The Cybersecurity 202: Why the latest election security bill is stalled …


Sen. James Lankford (R-Okla.) speaks to reporters on Capitol Hill in Washington on Jan. 11. (Zach Gibson/Getty Images)

For a while there, the Senate’s flagship bill to help states improve election security appeared to be gaining steam. Lawmakers from both sides of the aisle signed onto it. And an unlikely coalition of former national security officials, technologists and public policy groups urged lawmakers to pass the legislation.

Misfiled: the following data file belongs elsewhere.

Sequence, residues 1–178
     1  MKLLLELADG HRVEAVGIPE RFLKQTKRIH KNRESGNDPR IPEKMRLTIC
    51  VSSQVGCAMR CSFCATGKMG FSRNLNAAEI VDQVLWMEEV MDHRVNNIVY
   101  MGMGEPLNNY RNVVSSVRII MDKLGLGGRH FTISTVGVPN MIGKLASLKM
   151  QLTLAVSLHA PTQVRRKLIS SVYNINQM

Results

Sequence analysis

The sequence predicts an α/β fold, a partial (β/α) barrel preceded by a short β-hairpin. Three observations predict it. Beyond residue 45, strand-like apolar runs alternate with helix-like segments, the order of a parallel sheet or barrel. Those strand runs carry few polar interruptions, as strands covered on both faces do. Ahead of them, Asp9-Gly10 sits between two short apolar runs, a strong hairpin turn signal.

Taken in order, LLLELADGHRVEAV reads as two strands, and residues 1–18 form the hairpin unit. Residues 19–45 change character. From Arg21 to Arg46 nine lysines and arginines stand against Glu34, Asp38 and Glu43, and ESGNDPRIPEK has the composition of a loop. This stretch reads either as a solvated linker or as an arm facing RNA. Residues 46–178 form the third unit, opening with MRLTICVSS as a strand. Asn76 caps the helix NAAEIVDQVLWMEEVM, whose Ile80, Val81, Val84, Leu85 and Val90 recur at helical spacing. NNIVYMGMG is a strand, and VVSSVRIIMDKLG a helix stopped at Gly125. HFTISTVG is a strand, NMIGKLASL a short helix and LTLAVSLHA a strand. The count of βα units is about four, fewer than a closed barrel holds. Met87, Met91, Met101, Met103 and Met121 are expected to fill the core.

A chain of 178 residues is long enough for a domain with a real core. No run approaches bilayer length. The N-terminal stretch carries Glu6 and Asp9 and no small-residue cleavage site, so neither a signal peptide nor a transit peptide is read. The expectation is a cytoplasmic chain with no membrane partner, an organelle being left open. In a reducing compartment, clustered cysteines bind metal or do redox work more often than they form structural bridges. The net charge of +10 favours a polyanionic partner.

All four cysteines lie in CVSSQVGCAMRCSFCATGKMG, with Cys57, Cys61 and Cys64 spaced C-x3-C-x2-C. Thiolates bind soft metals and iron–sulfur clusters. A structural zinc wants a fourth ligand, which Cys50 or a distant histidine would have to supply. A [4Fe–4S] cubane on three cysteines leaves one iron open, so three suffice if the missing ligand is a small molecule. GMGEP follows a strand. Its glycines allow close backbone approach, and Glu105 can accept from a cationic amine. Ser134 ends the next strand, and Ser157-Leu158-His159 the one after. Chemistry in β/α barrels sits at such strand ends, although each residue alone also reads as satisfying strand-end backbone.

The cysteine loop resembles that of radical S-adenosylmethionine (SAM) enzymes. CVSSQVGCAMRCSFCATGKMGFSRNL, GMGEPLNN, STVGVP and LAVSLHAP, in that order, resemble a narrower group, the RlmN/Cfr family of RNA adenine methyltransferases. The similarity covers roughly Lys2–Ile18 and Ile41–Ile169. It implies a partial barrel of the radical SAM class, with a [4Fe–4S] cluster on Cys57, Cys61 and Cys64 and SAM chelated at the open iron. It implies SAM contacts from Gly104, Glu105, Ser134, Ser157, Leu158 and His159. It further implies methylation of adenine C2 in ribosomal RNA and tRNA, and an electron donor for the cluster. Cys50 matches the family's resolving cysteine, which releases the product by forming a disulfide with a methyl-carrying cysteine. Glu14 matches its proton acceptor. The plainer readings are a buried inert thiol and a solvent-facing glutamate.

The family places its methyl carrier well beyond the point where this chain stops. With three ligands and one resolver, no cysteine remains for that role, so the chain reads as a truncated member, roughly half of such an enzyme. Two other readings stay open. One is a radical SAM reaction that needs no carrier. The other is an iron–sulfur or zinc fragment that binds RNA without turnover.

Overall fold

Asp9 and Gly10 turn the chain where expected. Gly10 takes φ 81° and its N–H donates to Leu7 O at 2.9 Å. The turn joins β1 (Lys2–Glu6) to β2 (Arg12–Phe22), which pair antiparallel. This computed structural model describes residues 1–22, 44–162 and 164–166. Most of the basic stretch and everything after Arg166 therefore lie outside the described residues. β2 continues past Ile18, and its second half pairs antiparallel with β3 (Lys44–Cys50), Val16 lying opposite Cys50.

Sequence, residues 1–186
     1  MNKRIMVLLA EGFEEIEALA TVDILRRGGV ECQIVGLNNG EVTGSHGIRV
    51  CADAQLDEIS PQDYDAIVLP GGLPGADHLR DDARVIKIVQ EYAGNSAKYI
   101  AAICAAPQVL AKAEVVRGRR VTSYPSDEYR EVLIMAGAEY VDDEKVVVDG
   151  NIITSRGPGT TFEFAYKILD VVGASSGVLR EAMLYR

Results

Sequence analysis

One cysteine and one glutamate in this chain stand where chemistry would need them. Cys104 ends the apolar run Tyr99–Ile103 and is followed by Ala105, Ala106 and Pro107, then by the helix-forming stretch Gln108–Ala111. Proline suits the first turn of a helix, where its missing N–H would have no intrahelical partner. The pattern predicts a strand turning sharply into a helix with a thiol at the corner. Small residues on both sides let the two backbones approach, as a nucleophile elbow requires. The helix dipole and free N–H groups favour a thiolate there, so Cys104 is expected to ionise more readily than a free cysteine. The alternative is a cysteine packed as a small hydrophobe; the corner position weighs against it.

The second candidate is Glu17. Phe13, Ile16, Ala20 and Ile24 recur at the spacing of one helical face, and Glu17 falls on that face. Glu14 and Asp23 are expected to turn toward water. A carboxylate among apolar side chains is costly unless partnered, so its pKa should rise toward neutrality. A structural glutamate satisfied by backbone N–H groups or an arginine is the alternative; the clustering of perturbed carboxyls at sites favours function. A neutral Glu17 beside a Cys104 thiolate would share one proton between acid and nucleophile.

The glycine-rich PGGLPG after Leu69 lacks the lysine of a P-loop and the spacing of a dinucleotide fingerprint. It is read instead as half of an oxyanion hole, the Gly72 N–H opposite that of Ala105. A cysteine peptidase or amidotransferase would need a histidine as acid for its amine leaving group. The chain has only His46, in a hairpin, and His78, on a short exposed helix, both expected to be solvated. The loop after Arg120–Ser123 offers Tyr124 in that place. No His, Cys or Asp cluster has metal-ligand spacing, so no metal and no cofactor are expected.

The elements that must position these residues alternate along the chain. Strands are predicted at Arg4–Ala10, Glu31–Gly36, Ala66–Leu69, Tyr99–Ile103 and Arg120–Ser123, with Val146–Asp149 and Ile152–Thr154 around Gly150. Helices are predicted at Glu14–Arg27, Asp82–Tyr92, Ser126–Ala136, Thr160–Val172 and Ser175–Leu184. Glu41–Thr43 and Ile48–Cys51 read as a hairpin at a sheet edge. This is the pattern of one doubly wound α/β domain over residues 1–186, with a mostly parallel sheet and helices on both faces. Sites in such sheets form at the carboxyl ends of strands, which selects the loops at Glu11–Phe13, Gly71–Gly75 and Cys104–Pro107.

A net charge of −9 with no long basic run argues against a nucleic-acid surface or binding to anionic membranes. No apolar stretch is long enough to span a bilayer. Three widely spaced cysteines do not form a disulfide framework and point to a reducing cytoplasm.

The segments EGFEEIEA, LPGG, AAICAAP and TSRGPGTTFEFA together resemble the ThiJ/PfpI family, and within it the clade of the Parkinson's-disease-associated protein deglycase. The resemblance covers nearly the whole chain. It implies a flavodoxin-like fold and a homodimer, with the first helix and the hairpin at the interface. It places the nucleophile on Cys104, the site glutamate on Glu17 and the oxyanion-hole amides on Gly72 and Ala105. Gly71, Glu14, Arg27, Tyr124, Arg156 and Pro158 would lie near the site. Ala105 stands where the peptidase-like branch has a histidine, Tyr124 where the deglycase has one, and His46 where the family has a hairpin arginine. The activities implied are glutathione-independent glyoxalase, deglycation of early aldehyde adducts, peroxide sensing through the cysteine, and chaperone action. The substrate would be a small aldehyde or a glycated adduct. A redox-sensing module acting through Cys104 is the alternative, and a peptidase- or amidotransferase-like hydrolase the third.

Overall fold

But the Secure Elections Act stalled last week after the Senate Rules Committee canceled a key vote on the legislation at the last minute — and now its future is uncertain. Some Republicans who seemed poised to support the bill balked after the White House raised concerns about giving the federal government too much authority in election administration, while state officials objected to some of its requirements. Election security experts, meanwhile, worry the legislation is getting too watered down.

The delay highlights the tension at the core

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